Every week, we will feature a Bible word study from Professor Skip Moen's Today's Word. Start understanding scripture from its Hebraic roots and view God's Word in a way you never have before.
Prof. Skip Moen, D.Phil.
Finally, brethren, whatever is true, whatever is honorable, whatever is right, whatever is pure, whatever islovely, whatever is of good repute, if there is any excellence and if anything worthy of praise, let your mind dwell on these things. Philippians 4:8 NASB
Good repute – The rumor mill. What a dangerous and sinful trap that is! If we just paid attention to Paul’s use of euphemos, we would stay far away from this detour on the highway to heaven. Euphema is literally “good saying, good fame, well spoken of.” It is the opposite of those rumors and that gossip that harms. “Whatever is of good repute” is the living eulogy of godly character.
Think about what good things you can say. That sounds like my mother’s advice. “If you can’t say something good about a person, don’t say anything at all.” Maybe she knew Paul much better than I. These days I find it difficult to say good things about a lot of personalities in our culture. I struggle to say something of good repute about political figures or celebrities. They seem to me to embody everything that I think of as Babylon. But my mother – and Paul – is right. Better to say nothing than to spew invectives about their corruption and selfishness. Given the circumstances, I’m not so sure I wouldn’t be just as corrupt and selfish. In fact, if I truly examine my own history, I can find the same sins sans the headlines. Much better to think about euphemos.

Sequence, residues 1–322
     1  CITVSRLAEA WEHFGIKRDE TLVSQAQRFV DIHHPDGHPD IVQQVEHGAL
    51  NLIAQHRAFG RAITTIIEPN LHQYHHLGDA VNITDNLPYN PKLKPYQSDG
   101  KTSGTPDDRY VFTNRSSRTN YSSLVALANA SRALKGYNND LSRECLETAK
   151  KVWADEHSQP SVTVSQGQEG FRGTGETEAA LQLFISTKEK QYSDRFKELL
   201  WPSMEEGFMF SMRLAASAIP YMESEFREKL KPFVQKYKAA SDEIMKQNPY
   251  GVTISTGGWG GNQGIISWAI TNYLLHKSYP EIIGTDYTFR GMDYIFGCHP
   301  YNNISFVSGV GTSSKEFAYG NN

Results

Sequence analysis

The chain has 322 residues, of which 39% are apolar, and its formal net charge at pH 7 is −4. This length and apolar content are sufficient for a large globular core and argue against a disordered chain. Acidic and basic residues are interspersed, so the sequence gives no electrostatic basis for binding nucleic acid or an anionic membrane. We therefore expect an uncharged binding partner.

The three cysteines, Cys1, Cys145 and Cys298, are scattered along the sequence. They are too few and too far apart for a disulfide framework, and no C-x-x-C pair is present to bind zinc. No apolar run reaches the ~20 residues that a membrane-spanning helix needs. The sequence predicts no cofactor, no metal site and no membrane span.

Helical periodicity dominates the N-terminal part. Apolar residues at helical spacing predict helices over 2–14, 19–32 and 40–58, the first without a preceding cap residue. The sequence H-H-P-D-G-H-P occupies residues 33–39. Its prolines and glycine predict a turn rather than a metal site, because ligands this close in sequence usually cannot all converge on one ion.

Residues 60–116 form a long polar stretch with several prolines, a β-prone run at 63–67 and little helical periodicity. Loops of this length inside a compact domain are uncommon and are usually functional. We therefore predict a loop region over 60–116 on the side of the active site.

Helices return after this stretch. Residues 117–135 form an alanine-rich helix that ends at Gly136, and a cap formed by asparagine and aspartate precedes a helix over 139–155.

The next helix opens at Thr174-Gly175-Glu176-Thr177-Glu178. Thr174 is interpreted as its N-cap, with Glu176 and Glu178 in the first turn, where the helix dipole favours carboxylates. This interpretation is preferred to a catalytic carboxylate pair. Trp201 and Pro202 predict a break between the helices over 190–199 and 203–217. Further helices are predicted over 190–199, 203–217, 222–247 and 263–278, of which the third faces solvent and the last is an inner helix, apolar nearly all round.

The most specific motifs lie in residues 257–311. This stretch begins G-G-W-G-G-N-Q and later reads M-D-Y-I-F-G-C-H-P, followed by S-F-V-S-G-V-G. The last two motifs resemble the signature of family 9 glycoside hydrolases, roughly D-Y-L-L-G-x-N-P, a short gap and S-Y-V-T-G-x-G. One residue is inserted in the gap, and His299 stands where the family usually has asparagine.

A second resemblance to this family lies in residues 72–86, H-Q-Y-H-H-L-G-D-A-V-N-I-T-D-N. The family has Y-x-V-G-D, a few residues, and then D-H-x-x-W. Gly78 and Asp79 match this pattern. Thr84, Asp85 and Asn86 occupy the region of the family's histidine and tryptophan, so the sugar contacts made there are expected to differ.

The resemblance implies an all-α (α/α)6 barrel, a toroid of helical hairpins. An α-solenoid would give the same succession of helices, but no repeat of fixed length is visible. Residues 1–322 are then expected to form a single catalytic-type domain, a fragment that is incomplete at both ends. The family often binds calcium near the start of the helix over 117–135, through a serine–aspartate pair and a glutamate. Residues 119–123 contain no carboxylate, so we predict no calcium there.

Perhaps what we have here is a daily dose of course correction. What would happen if we made a point of saying something good about someone every day? What would happen to us if we made the effort to say something commendable about one of those “enemies” every day. Just one thing. “He’s an exceptional speaker,” or “she really touches the audience,” or something. Euphemos focuses on whatever is praiseworthy. That doesn’t mean all of it is praiseworthy. If I apply that same standard to my own life, I soon discover that I need some latitude as well. After all, I am not 100% praiseworthy. How can I expect others to be so?
That reminds me that there is only One who is 100% praiseworthy, 100% commendable, 100% of good repute. And that reminds me that if I feel the need to laud only the 100% variety, I will spend a good deal more time praising Him rather than focusing my attention on all the rest of us (including me) who don’t measure up to His standard. In fact, if I dwell on whatever is euphemos, I will find that praise outweighs everything else. Who knows? Maybe my prayers will change along the way. Maybe raba emunatecha will become much more evident in my life. And then I won’t have nearly as much motivation to participate in the rumor mill.